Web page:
We’ve found A LOT of great stuff in Sandra Calder Davidson’s book The Calder Family and Other Critters, Portraits and Reflections, about the many interesting people who surrounded her famous father Alexander Calder and the family (check out the amazing Pink Fluff). This lesson she learned from the great Saul Steinberg is WAY more than about making a portrait.
It’s impossible to find anything new without first giving something up.
The more we thought about it, the more we realized that to really shift our thinking, we often DO have to give something up: a preconceived notion, knee-jerk reaction, opinion, assumption, what Steinberg called “commonplaces”…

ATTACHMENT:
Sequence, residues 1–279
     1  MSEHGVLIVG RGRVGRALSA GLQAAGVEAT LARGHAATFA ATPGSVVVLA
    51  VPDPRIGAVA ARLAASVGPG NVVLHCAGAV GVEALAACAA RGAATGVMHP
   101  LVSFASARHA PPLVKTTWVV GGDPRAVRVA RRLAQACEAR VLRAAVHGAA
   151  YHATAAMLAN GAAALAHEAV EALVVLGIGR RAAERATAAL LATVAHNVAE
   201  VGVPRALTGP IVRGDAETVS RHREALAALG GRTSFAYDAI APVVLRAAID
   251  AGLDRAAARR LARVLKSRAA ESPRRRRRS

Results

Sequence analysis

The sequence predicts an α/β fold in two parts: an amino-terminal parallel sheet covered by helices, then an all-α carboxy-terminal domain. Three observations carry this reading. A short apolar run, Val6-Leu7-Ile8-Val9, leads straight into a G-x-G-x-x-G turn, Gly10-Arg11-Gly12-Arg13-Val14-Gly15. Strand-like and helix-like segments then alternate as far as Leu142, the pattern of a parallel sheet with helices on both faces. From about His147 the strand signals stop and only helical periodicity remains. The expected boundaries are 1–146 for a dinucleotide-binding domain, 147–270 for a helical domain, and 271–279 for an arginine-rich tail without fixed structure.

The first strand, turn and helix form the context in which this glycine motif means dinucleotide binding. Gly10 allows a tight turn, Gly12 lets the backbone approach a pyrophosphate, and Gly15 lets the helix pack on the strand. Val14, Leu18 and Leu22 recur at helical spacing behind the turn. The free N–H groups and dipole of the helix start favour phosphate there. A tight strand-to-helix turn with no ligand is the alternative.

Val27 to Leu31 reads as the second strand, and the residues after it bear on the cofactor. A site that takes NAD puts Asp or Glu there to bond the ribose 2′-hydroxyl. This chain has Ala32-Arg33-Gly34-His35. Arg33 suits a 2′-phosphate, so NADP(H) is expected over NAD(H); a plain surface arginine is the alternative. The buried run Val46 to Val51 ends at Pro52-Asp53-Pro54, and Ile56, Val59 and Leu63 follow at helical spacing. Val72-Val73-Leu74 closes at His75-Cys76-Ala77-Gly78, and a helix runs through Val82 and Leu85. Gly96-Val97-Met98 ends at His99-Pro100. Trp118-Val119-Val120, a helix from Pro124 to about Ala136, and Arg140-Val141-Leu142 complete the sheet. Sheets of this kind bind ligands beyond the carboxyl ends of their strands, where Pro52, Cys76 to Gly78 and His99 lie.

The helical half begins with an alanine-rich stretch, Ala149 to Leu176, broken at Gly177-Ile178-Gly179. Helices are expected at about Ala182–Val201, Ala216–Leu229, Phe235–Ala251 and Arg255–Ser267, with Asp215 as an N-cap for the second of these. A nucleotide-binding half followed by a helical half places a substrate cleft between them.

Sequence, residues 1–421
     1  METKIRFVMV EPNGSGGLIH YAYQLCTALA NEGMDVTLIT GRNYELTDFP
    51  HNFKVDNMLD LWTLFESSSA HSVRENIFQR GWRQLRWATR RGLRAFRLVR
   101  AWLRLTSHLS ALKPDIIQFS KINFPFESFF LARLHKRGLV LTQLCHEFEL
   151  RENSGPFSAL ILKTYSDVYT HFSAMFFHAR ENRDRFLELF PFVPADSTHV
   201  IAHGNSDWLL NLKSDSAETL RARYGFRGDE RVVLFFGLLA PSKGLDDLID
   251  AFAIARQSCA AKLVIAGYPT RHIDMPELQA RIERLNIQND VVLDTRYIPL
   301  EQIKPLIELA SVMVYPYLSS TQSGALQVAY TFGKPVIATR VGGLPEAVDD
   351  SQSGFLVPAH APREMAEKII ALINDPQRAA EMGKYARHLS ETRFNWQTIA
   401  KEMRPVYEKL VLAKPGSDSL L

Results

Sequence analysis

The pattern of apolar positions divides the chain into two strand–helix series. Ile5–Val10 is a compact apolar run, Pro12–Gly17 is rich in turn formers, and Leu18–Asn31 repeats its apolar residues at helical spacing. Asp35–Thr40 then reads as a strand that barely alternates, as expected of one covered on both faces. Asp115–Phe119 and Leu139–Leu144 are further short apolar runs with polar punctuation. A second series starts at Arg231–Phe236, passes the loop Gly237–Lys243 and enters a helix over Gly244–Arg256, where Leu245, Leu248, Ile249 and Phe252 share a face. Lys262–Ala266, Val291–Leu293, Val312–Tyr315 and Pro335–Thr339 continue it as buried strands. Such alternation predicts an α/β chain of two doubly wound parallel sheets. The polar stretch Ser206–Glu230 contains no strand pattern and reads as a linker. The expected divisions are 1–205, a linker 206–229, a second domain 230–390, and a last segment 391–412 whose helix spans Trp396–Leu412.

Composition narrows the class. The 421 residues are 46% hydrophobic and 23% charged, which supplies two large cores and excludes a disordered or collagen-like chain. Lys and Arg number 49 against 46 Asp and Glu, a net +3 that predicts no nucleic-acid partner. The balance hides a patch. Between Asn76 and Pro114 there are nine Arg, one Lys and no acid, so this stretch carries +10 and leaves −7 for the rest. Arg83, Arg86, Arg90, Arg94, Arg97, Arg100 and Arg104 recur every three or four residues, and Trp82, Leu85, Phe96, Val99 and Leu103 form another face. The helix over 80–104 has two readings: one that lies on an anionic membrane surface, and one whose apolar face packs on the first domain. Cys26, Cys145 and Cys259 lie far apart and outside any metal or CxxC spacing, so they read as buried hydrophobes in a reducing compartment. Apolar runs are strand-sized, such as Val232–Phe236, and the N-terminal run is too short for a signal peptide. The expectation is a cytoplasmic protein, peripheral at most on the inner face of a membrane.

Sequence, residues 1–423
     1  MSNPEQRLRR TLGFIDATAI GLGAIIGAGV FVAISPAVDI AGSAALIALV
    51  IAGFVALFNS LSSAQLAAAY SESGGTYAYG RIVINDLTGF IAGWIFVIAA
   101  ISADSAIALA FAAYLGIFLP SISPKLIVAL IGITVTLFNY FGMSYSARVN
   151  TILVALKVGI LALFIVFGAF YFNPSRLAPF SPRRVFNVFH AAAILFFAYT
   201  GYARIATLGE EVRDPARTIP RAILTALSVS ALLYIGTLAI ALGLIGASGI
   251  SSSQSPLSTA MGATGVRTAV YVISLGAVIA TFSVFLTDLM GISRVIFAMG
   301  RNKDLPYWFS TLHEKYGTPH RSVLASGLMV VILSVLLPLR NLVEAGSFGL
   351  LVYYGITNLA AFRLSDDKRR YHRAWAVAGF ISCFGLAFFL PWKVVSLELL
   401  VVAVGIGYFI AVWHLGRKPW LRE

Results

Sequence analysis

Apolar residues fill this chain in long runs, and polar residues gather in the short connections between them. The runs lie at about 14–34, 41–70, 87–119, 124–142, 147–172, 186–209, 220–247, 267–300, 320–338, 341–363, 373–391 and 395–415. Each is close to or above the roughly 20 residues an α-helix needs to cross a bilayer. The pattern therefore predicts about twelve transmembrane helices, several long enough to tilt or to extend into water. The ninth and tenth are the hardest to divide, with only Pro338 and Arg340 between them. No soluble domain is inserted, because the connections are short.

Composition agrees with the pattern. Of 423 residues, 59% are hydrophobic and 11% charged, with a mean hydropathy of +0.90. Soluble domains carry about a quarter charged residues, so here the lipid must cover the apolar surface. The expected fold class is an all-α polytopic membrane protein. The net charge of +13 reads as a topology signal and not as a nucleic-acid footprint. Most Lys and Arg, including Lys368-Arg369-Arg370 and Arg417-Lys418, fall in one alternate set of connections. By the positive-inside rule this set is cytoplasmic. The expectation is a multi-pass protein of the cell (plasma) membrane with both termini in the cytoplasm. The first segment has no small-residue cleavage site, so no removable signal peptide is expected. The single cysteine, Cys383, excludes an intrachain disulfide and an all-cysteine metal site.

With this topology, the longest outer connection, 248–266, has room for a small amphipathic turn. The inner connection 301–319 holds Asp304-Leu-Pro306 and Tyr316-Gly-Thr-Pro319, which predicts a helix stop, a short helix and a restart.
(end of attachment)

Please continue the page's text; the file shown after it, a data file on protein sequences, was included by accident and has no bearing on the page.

When we’re trying to make or write something, more often than not we need to discard the way we think it was supposed to go, in order to follow a new trail of thinking. And that has been our big lesson in life as well. Steinberg pretty much illustrated the concept of “kill your darlings” in this drawing.
Steinberg, and Sandra, are plain WISE.